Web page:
OF course we suspected. But we wanted it not to be true.
We wanted Peaches Geldof to have died of some weird sudden death syndrome.
But now we must face the hard fact that Peaches Geldof died at 25 exactly as her mother Paula Yates died at 40.
And that Peaches' son Phaedra, who is only a year old, was by his mam's side when she died of a heroin overdose.
Just as Tiger Lily Hutchence, at four, was by Paula's side when she died of a heroin overdose.
A mother and a daughter who both left behind motherless children. And all either of them ever wanted was to be around for their kids.
But neither of them could do it, in the end. Neither of them could escape the loneliness and tragedy in their own upbringings to safeguard the happiness of their children.
The saddest story I've heard about Paula Yates is how, as a child, she used to sleep outside her mam's door just to make sure she didn't leave during the night.
Helene Thornton-Bosment was an actress and dancer and philanderer.
Finding out in her late 30s that she was the daughter of Opportunity Knocks presenter Hughie Greene, not Stars on Sunday presenter Jess Yates, was one of the nails in Paula Yates' coffin.
Helen Thornton-Bosment may not have been a model mother to little Paula, but no doubt she had her own story of loss or abandonment.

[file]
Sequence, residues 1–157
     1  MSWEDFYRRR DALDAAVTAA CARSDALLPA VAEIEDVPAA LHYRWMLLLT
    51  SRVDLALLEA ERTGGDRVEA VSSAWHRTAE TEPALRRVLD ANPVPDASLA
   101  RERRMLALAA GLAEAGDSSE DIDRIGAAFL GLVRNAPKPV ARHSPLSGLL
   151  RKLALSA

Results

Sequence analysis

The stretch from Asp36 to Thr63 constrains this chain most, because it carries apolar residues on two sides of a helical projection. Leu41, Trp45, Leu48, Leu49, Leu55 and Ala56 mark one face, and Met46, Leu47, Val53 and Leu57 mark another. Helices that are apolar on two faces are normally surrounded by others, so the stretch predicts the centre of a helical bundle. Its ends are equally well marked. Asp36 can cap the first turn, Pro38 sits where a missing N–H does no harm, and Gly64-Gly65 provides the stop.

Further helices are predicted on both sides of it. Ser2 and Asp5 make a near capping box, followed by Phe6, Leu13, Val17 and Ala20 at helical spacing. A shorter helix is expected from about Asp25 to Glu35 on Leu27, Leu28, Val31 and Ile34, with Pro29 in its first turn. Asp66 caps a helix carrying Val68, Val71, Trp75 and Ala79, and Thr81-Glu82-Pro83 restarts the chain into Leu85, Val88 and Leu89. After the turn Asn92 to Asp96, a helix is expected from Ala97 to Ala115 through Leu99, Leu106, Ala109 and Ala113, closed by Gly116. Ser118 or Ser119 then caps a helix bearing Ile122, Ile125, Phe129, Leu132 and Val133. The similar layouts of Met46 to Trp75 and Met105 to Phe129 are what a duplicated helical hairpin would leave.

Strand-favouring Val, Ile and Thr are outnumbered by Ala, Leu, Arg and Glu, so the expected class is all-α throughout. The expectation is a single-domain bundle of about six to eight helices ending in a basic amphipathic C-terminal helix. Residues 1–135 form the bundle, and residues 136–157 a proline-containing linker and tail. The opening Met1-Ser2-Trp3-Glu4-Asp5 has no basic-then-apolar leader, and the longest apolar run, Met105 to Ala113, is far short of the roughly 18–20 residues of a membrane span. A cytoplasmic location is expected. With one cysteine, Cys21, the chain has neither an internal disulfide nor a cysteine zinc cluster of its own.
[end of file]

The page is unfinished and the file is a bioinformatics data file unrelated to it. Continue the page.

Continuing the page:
You don't leave your child and go off conducting an affair without some terrible insecurity gnawing away inside you.
And the hard thing for mothers is that they get their own failings reflected back to them in the effects on their kids.
"Way to go, Mam," my daughter said to me this morning when my stressed-out shrieks started my disabled son shouting. I had my reasons. I'm only human.
Paula Yates and Peaches Geldof had their reasons for how they lived their lives too, and they were a hell of a lot bigger than mine. Both of them tried hard to make things different for their own kids, but the problem was they tried too hard.
Paula Yates even went as far as to tell mams not to work outside the home, saying: "If you are going to feel guilty, stay home. If you are indifferent to children, don't have them."
Peaches Geldof seems to have had a similar idea. She was up all night breast-feeding to satisfy the demands of "attachment parenting" and horribly conflicted over her need to keep working at the same time.
Peaches was, it seems, lonely in rural Kent where she had hoped to relive the "idyllic" part of her childhood, missing London and her party-animal friends.
Did we really need the autopsy to tell us that she had returned to the drug-taking that had been part of her mis-spent youth?
Could we not read those "heroin chic" images of Peaches even in the week she died, with alabaster skin and ill-concealed dark circles under her eyes?
You can't be a mother to two tiny children and stay effortlessly beautiful for the cameras.
You can't stay home all day with your kids while earning enough to put bread on their table.
And one young mother can't, single-handedly, turn back the wheel of sadness and abandonment in her own life to stop it affecting the lives of her kids.
Mams need help from friends and families. But most of all they need an end right now to the idea that there is such a thing as the perfect mother.